The US of IPA is a project where I will brew four regionally inspired American IPAs. I will be pouring all four at the North Shore Brewers tent New England Homebrewers Jamboree. Jamboree is an event open to the public to benefit Make a Wish. Tickets are available here.
At a recent North Shore Brewers meeting, I was discussing with a fellow club member named John how the Ipswich Ale Brewery has changed many of their seasonal beers over the last few years. Although I enjoy their new products, I do miss the old Winter Ale and Harvest Ale. Ipswich isn’t alone among New England breweries to change their lineup. The English-influenced IPAs that the East Coast, or at least New England used to be known for are losing shelf space, tap lines, and the consciousness of beer drinkers to hazy New England IPAs, and more assertive West Coast IPAs.
To that point, John said that his favorite IPA was Gentile IPA. Per Gentile’s website: “Light caramel malts add a touch of sweetness to the bitterness provided by American and English hops, providing the way for a balanced beer that is great to pair with food. No palate fatigue here.” He said that he enjoyed Gentile IPA because it reminded him of what East Coast IPA used to taste like and represent.
As much as I love hop bombs, I don’t want to live in a world where a more balanced IPA is considered old-fashioned or obsolete. There should be a place for both. What I wanted to accomplish with this beer is to make something that is an homage to the legacy of New England brewing. In the beginning our craft beer had a particularly strong English influence. Many of the first IPAs made in New England featured English base malts and yeast, complemented with caramel and for flavor and body. Local examples of a traditional East Coast-style IPA beyond Gentile IPA are Ipswich India Pale Ale, Berkshire Brewing Company Lost Sailor IPA, and Wachusett IPA (Purple Can). Balanced and restrained, these are beers that become more drinkable with each sip. When we were in Philadelphia we closed the hotel bar and each Yards IPA tasted better than the last.
Harpoon IPA also needs to be mentioned as one of the first IPAs brewed on the East Coast. It isn’t as dark in color or as English-inspired as some of the other IPAs I mentioned. It still exhibits a similar malt/hop balance to be comfortably considered a traditional East Coast IPA.
Outside of New England, as you go south, IPAs generally aren’t quite as English-inspired in the sense that they don’t necessarily use English hops and yeasts, but they do have more malt flavor than most IPAs from the West Coast. However, as I formulated my East Coast IPA recipe I wanted to pay homage to the English-inspired IPAs that used to be synonymous with New England beer. I started my recipe with Jamil Zainasheff’s English IPA recipe from Brewing Classic Styles. I drew further inspiration from Ipswich IPA, Wachusett’s IPAs, and several other beers as I formulated my recipe.
One of my parameters for the project was that each beer would use completely different hops. This beer really should have Cascade hops, but I am already using it in Broken Fist. I made it a point to use two seminal American hops that aren’t commonly associated with IPAs: Willamette and Mt. Hood. I read an article recently that you don’t need to use “IPA hops” like Citra, Cascade, Centennial, or Chinook to make a great IPA. Revolution Brewing proved that with their Crystal Hero IPA. I look forward to trying that for myself.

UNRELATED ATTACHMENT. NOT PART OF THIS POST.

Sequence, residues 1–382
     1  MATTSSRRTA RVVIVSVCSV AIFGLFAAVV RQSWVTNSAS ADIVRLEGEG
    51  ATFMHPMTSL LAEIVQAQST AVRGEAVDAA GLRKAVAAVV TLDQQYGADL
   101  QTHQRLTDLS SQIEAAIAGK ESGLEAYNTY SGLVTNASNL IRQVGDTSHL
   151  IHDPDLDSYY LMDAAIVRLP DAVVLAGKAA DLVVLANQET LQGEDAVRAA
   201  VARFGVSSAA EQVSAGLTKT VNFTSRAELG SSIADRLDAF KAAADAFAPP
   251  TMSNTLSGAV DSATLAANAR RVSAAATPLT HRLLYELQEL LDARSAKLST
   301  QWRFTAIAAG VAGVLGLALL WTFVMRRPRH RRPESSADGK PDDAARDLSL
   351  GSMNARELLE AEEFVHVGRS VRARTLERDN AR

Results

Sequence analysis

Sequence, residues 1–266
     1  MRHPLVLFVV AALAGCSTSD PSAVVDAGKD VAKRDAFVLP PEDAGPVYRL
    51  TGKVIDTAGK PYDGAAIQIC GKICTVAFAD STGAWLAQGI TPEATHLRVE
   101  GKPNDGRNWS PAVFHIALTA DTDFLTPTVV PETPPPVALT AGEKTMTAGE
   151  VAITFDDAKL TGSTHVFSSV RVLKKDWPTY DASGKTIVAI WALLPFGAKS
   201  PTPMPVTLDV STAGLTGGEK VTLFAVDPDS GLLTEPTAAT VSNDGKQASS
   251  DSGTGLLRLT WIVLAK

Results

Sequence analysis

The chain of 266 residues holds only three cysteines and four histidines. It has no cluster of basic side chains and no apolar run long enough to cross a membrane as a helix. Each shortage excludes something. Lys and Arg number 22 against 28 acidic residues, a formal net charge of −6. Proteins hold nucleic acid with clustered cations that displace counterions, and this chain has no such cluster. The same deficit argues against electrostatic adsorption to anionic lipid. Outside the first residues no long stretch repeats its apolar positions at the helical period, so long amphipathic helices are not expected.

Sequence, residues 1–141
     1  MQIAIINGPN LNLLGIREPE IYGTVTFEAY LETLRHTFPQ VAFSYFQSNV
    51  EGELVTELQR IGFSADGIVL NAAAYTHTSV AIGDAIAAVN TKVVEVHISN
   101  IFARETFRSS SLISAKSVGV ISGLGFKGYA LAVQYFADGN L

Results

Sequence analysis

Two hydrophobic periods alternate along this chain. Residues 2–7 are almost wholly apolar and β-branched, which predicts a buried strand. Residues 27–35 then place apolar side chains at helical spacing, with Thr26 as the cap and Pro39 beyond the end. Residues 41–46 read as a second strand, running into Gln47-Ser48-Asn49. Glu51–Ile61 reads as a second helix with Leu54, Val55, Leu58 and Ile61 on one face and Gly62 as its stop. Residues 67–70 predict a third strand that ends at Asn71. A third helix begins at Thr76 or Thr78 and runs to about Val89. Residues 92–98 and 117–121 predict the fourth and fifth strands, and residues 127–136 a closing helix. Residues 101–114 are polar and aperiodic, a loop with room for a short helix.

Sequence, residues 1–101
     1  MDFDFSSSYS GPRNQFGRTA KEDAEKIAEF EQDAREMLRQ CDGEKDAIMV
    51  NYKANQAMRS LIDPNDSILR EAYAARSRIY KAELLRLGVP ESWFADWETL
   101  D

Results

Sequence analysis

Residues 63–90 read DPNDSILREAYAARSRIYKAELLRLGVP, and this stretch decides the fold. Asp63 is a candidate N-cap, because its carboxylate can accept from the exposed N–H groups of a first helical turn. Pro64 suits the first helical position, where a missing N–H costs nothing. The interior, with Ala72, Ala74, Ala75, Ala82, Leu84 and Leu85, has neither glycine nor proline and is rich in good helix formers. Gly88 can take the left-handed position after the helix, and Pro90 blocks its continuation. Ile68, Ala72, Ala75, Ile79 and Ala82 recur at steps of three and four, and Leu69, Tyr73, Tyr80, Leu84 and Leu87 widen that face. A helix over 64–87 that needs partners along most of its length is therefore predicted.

For a while in the 1990s a Ringwood yeast character was synonymous with East Coast beer. As an ode to DL Geary, Shipyard, and Federal Jack’s it felt appropriate to use it here. Given that one of my self-imposed limitations with the US of IPA project was that each beer would use a different yeast to further differentiate the beers it made even more sense.
Originally I was going to use mostly English malts as well, but then I saw that Beer & Wine Hobby started carrying Stone Path Malts made right here in New England. What could be better for an old-school New England IPA than a bit of New England terrior? Stone Path has a Pale Ale malt that is similar in color to Maris Otter. Also available is a Caramel 40 and Dark Munich malt. The grist is 99% New England malt, I did add a small amount of Light Chocolate malt for color and to dry out the finish.
I brewed the beer on the first day of a stay-cation. The brew day itself was okay. I ended up with only 2.5 gallons of wort which I topped off with some additional filtered water. Since I will be filling a three-gallon keg, I really wanted to have three gallons. I pitched a two-month old starter of Ringwood that was made for a beer I never ended up brewing. It took about 36 hours for there to be signs of fermentation. I remember Andy telling me the Geary’s clones took a bit of time. I just hope I didn’t under pitch and end up with a diacetyl bomb. My plan is to move the fermenter to a warmer location after a few days to try and prevent that from happening.
I still have two IPAs to brew that need to be ready for the second weekend of September. Time isn’t exactly on my side at this point.
Click here for the recipe.
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